Knowledge Resources & Publications

Podcast: Voices from the Field 001 - Nehiyawak Land and Language Camp

June 2017

NCCAH Voices from the Field Podcast Series
NCCAH Voices from the Field Podcasts

Voices from the Field

Welcome to Voices from the Field, a podcast series produced by the National Collaborating Centre for Aboriginal Health (NCCAH), which focuses on innovative research and community-based initiatives promoting the health and well-being of First Nation, Inuit and Metis peoples in Canada.

Episode 1: Nehiyawak Land and Language Camp - Revitalizing Indigenous languages for health and well-being

This episode looks at the Nehiyawak Land and Language Camp, a week-long land-based Cree immersion program in Saskatchewan. This camp was developed by Cree scholar and second-language learner, Belinda Daniels. Now in its twelfth consecutive year, the summer camp takes place throughout different First Nations communities across the province of Saskatchewan. In this podcast you will hear about the importance of language revitalization to the mental and spiritual well-being of Indigenous peoples and communities.

For more information about the Nehiyawak Land and Language Camp, see the National Collaborating Centre for Aboriginal Health’s factsheet, Culture and Language as Social Determinants of First Nations, Inuit and Métis Health, or email Belinda Daniels.


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Belinda Daniels
Belinda Daniels
Nehiyawak Land and Language Camp


Belinda (kakiyosew) Daniels is the founder of nēhiyawak Summer Language Experience (12 years) and teaches others how to teach Cree as a second language on various First Nations Reserves in Saskatchewan. Belinda won the Outstanding Canadian Aboriginal Educator Award in 2015 for work in language development and was one of the 2016 Global Teacher Prize finalists. Belinda is currently a doctoral candidate at the University of Saskatchewan and Alberta, and volunteers on several boards such as the United Way, Dr. Sterling McDowell Foundation and Indspire.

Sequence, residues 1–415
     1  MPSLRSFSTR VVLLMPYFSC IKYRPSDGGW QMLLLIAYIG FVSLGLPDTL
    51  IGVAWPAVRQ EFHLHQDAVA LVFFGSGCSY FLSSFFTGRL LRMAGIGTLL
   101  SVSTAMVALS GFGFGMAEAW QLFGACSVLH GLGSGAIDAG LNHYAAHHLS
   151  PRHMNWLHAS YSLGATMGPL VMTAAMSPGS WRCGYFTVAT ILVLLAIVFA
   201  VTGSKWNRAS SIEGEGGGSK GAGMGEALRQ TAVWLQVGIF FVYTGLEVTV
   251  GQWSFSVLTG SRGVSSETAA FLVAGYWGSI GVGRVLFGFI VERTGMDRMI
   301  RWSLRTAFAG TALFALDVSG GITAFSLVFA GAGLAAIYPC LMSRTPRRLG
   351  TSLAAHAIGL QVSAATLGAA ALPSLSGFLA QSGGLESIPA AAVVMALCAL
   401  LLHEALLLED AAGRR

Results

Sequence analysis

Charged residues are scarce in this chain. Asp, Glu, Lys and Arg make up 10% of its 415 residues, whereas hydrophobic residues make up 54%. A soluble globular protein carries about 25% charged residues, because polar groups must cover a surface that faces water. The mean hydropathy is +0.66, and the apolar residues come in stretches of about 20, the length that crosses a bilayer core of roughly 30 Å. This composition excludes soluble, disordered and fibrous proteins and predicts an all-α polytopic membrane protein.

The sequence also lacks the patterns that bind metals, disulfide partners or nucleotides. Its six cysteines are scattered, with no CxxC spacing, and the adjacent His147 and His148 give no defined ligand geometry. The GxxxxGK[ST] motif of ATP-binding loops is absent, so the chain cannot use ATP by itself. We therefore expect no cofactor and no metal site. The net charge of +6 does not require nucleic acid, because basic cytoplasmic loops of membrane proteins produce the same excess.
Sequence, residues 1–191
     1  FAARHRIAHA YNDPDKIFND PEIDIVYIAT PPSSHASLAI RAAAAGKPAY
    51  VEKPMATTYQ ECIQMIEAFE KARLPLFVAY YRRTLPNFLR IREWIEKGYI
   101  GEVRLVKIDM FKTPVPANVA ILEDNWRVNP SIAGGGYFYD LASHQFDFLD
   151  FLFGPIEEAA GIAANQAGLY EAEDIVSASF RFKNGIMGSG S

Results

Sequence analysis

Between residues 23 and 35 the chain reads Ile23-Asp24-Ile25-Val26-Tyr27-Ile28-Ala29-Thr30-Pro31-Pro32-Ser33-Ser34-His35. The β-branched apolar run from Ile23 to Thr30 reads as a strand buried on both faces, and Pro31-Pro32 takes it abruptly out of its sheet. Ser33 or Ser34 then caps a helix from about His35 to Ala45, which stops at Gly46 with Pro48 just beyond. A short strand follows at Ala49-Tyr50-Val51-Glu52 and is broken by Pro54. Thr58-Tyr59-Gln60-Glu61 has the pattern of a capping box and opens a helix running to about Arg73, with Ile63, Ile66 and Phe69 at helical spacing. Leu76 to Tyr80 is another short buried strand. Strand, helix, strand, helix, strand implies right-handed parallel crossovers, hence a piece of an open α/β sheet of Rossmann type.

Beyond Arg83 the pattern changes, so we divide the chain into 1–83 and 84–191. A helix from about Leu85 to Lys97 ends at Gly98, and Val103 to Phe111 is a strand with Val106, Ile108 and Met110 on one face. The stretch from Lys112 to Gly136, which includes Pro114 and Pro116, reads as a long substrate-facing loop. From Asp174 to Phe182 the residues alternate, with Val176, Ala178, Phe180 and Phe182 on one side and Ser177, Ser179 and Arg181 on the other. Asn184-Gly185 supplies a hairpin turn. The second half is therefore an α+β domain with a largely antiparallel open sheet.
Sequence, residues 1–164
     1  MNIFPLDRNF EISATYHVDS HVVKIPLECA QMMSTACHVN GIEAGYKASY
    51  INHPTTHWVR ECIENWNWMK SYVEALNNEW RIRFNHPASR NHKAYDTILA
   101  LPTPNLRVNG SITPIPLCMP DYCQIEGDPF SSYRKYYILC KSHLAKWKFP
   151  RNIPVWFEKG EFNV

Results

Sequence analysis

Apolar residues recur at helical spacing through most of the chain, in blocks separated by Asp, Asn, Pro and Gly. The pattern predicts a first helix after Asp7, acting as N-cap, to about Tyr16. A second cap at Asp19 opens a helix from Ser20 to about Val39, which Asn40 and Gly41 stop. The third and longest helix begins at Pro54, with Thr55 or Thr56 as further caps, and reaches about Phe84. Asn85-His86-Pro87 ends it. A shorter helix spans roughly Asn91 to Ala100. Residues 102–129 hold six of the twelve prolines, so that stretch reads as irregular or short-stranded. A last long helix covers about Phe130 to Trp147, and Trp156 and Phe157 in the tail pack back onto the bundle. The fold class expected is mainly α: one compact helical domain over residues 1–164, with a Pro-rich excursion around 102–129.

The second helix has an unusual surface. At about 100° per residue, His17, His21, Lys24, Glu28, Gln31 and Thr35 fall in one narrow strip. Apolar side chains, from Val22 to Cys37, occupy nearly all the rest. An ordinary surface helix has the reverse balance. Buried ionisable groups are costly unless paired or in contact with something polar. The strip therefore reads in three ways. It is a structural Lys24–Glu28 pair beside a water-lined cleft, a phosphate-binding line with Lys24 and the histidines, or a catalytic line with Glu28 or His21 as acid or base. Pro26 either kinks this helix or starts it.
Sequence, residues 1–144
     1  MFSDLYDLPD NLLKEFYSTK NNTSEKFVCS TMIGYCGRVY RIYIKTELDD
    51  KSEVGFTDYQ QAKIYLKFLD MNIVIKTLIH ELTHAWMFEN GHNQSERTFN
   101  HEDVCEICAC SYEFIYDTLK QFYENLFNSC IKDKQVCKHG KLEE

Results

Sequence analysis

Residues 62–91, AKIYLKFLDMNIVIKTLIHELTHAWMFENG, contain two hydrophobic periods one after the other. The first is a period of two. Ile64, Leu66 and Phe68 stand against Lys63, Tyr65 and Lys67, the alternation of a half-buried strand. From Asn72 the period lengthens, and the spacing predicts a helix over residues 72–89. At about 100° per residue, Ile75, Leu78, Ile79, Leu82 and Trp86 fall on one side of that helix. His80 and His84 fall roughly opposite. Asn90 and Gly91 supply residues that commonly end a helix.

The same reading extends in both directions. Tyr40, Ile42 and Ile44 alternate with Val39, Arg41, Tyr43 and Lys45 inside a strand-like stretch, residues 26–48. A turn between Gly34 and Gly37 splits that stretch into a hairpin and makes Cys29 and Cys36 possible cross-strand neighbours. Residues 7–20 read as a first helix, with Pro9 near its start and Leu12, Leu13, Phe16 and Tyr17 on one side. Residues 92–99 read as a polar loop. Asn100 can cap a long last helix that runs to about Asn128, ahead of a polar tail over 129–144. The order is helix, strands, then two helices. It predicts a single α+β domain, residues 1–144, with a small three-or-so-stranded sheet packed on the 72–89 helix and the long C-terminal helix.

My name is Belinda Daniels. I am from Sturgeon Lake First Nation. I’ve been teaching Cree for over a decade and I’ve been teaching myself at the same time. So I’ve been doing this through language camps, a grassroots initiative going on in our thirteenth year. The Cree language camp came out of an idea through my Master’s project. My question at the time was what does it mean to speak from a Nehiyaw (Cree) worldview? The only way that I could capture that was going back to what my ancestors did, what my grandparents did and that is speaking Cree out on the land. I basically had no knowledge of language whatsoever. I understood what my grandparents called me, which was nosîm, which basically means my grandchild, so I knew when they were talking to me or about me, that’s about it.